Waving goodbye: Downton out in England shake-up

England Cricket managing director's more than a year's rein comes to an end on Wednesday

Afp April 09, 2015
A file photo of Paul Downton. PHOTO: AFP

LONDON: Paul Downton's turbulent and brief reign as managing director of England Cricket came to an end after just over a year in charge on Wednesday when the England and Wales Cricket Board announced he would be leaving his post.

The former England wicketkeeper played a key role in the highly controversial decision to axe star batsman Kevin Pietersen from the national set-up after England's 2013/14 Ashes whitewash in Australia.

Downton's watch also coincided with England's woeful performance in the recent World Cup in Australia and New Zealand, where the team exited before the knockout phase.

"The existing England team set-up will change with immediate effect, with Paul Downton leaving his position as Managing Director of England Cricket," an ECB statement said.

"A new leadership appointment, focused on performance will now be created and report directly to the chief executive."

The Pietersen affair and England's World Cup debacle made Downton's position precarious and he appeared to be undermined when incoming ECB chairman Colin Graves seemed to offer an olive branch to Pietersen.

Downton's lack of clarity over why the ECB had acted in the way they did in ditching former England captain Pietersen led to to widespread criticism.

It prompted months of speculation, culminating in South Africa-born Pietersen's damning autobiography, released in October last year, which prompted fresh blood-letting within English cricket.

Pietersen, who has spoken of his desire to play for England again, has rejoined Surrey for the 2015 county season in an attempt to boost his chances of an international recall.

The arrival of a new chief executive in Tom Harrison did little for Downton, who took charge 15 months ago when Harrison's predecessor, David Collier, was in post at Lord's.

Harrison, announcing the changes in the set-up, said Wednesday: "The England Cricket Department needs to deliver performance at the highest level and our structure needs to be accountable for reaching the standards we aspire to.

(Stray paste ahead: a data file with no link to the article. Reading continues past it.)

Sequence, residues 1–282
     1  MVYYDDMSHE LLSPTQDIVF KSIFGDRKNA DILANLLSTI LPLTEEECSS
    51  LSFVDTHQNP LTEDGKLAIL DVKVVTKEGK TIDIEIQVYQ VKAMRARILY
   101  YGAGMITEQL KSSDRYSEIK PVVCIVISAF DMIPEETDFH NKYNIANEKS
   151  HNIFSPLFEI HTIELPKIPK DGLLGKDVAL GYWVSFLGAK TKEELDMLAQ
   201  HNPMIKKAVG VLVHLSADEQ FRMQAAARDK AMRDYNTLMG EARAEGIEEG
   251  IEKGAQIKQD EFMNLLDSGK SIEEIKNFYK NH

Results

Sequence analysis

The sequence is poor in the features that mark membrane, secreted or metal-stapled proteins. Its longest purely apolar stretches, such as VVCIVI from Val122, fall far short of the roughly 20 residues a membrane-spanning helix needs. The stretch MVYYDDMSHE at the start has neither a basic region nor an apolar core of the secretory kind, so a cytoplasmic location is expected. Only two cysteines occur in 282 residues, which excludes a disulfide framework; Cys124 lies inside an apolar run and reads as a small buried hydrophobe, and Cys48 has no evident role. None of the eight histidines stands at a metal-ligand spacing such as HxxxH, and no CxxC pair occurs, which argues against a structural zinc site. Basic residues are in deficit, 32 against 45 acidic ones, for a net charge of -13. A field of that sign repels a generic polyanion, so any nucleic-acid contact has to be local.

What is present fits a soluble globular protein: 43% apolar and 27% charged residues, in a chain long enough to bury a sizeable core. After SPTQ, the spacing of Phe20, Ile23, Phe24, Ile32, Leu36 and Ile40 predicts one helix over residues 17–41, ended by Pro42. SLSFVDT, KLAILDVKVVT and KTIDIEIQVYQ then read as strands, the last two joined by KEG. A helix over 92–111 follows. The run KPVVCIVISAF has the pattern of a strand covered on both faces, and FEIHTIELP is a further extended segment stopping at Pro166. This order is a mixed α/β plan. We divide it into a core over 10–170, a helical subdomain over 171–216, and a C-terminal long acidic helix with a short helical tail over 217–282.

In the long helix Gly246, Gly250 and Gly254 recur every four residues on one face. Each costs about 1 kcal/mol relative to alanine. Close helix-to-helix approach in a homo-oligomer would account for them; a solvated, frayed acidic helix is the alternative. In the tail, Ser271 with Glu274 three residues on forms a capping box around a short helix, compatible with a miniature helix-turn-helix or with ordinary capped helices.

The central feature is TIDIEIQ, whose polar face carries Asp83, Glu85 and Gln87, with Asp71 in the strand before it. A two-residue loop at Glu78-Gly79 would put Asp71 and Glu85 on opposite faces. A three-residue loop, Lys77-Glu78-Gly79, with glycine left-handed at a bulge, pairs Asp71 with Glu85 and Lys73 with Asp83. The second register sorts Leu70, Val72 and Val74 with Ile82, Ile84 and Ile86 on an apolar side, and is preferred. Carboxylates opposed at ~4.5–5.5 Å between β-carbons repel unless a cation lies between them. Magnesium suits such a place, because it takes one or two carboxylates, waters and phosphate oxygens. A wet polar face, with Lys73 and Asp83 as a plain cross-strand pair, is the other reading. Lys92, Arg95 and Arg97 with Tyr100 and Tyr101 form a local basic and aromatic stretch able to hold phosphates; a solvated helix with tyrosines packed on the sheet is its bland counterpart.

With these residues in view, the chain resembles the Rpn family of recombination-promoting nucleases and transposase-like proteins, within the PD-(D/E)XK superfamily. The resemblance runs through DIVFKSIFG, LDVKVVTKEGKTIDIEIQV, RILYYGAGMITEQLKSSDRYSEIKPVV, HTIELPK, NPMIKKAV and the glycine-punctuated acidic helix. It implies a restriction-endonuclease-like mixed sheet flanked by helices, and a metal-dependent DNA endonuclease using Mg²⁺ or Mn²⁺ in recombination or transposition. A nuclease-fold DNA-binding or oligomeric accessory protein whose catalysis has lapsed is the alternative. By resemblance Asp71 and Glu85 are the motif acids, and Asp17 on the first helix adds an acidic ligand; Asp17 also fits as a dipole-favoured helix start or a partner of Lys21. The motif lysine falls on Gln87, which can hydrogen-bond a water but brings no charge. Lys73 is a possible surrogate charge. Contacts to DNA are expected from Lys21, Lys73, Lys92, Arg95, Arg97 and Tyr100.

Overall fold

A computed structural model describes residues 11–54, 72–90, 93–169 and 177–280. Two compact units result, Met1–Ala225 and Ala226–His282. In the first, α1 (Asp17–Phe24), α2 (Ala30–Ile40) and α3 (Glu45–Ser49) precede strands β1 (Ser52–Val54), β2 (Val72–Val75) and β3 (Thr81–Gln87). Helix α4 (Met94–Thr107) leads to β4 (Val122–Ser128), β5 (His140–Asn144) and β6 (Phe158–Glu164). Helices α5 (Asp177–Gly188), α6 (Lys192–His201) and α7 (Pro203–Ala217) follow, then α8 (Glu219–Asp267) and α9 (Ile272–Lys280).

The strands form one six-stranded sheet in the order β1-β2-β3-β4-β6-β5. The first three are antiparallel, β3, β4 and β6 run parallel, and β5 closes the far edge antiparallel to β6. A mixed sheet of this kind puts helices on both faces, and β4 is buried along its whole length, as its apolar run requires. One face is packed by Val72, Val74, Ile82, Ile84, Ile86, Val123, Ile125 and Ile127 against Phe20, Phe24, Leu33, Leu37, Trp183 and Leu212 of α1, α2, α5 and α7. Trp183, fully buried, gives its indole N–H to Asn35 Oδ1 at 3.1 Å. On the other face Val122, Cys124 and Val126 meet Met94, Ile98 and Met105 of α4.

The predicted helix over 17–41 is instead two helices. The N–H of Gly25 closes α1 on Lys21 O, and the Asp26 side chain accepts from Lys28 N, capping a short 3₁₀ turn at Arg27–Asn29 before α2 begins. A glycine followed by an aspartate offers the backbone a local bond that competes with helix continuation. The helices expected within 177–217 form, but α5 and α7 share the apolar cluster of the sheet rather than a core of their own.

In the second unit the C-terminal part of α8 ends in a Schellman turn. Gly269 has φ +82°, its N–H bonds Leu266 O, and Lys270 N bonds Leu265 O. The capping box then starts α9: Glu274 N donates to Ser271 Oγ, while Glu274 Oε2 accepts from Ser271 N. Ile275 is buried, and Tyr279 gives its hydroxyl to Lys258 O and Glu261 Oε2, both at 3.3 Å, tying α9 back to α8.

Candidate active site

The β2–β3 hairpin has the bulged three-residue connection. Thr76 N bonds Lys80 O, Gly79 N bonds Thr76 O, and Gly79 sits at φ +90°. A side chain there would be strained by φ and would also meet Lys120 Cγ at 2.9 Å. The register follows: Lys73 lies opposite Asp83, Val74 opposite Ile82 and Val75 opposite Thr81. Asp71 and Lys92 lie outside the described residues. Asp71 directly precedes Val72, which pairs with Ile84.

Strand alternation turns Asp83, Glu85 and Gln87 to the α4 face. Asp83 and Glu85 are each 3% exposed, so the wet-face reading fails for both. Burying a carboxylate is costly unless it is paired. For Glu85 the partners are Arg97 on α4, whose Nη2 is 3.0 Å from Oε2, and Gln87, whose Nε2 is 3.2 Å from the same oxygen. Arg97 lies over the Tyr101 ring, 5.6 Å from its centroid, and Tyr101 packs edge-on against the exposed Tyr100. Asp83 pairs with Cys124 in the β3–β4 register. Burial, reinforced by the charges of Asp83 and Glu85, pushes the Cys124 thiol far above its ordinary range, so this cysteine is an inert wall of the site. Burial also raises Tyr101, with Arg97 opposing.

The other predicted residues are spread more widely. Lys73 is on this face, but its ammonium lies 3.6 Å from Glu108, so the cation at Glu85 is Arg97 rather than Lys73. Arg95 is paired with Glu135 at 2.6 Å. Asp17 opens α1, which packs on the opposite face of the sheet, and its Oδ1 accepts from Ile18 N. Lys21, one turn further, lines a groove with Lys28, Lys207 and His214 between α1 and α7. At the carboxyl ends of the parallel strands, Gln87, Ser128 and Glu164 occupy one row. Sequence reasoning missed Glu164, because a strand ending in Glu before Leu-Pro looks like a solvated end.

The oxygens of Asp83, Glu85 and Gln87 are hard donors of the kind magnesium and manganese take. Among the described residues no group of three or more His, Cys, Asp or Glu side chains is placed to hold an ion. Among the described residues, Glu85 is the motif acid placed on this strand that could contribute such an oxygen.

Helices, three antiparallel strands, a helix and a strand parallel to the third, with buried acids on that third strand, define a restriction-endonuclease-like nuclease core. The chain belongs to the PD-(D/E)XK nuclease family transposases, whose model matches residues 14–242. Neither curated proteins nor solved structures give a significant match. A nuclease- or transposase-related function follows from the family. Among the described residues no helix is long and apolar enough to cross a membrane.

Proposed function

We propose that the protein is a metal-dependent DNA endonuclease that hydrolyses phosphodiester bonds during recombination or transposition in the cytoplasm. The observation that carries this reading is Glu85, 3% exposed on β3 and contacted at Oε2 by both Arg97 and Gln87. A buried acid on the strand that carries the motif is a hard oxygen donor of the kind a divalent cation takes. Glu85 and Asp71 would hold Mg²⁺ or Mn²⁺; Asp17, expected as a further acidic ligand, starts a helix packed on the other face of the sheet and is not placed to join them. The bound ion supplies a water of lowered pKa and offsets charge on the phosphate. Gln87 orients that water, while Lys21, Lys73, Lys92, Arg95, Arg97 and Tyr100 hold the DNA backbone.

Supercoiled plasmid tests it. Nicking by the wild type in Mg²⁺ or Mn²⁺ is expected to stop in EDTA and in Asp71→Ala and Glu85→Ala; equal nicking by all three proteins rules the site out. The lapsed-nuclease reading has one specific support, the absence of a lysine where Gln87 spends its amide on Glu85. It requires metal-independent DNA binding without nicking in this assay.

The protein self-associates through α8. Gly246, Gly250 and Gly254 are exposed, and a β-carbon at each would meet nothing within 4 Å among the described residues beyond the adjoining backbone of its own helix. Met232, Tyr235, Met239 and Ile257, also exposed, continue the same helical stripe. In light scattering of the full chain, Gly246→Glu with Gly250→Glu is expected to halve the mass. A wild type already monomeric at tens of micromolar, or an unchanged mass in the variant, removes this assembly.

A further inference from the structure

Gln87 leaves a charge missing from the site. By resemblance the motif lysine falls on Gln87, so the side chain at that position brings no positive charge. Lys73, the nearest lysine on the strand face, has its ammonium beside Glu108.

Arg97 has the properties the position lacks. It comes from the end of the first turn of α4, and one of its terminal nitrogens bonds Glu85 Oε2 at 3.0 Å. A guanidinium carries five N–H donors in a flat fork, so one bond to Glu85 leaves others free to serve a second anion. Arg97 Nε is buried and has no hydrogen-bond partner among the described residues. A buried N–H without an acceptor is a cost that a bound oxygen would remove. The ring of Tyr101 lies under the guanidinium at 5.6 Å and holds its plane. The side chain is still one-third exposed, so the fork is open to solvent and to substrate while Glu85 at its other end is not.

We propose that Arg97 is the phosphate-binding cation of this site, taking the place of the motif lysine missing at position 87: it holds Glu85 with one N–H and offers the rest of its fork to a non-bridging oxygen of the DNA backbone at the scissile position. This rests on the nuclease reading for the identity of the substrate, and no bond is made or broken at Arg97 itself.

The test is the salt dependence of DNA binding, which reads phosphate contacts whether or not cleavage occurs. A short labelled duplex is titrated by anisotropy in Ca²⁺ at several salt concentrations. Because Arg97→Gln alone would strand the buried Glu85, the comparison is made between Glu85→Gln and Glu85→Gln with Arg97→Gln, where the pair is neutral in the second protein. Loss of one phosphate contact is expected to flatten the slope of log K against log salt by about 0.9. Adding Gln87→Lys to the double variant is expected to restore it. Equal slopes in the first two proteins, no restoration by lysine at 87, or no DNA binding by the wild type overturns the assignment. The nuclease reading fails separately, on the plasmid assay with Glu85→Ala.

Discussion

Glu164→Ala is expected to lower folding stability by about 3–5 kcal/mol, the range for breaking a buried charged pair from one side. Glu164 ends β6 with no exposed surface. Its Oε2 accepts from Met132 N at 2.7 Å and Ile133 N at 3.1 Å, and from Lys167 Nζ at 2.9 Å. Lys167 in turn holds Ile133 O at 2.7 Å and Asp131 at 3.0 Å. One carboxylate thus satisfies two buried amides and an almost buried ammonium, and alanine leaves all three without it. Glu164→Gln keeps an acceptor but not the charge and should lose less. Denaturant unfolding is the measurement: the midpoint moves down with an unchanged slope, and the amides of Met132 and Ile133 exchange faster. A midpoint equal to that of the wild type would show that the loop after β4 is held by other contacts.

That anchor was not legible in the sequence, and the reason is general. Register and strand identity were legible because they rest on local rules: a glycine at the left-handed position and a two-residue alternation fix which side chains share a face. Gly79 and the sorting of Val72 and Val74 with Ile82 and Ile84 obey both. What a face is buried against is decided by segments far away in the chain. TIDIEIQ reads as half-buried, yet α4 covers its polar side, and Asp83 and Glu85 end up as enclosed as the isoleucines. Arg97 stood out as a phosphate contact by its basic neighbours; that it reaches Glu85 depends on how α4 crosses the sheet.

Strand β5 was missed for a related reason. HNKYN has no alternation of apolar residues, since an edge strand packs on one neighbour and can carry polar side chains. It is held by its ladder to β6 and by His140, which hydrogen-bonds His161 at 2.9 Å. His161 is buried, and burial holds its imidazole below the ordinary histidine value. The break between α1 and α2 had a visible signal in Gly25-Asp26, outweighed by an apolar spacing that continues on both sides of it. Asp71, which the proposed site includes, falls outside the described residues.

"The new role we are putting in place will deliver an environment where world-class performance is at the heart of everything we do."

Downton's time in charge also saw England lose a home Test series to Sri Lanka last season but, after falling behind, they recovered to defeat India 3-1 in a subsequent five-match series.

Harrison, who took over in January, had previously spoken of his desire to streamline the ECB, with Graves too calling for change.
Downton, 58, replaced Hugh Morris in October 2013, shortly before the Ashes whitewash.

His departure appears as much down to his strident public backing for England captain Alastair Cook, only for the opening batsman to be sacked as one-day skipper and dropped from the World Cup squad shortly before Christmas ahead of England's warm-up campaign.

England then endured one of their most humiliating World Cup campaigns, failing to beat a Test nation and defeating only Scotland and Afghanistan.

This led to renewed criticism of England coach Peter Moores, controversially brought back for a second stint in charge of the national side with Downton hailing him as the 'coach of his generation'.

Harrison paid tribute to Downton by saying he was a man of "great integrity".

Downton's departure from the ECB will inevitably shift the spotlight back on to Moores, with England currently on tour in the West Indies, where their three Test-series starts in Antigua next week.

"The touring team in the West Indies are aware of the changes," said Harrison. "The process for appointing the new role, with sole responsibility for the England set-up, will begin immediately."

Former England captain Michael Vaughan, who said he was happy to take a call from the ECB, told Sky Sports: "It's inevitable there would be change — but there's a deeper rooted problem within England cricket.

"In Test cricket we are all right but the Kevin Pietersen issue has been a debacle from the start right through until now.

"The World Cup was a disaster because of the way the team played...This is going back 20 years."

Downton's departure came on the same day that the 2015 edition of Wisden Cricketers' Almanack, the sport's 'bible', said he had been involved in a "nexus of self-preservation" involving several other senior ECB figures.


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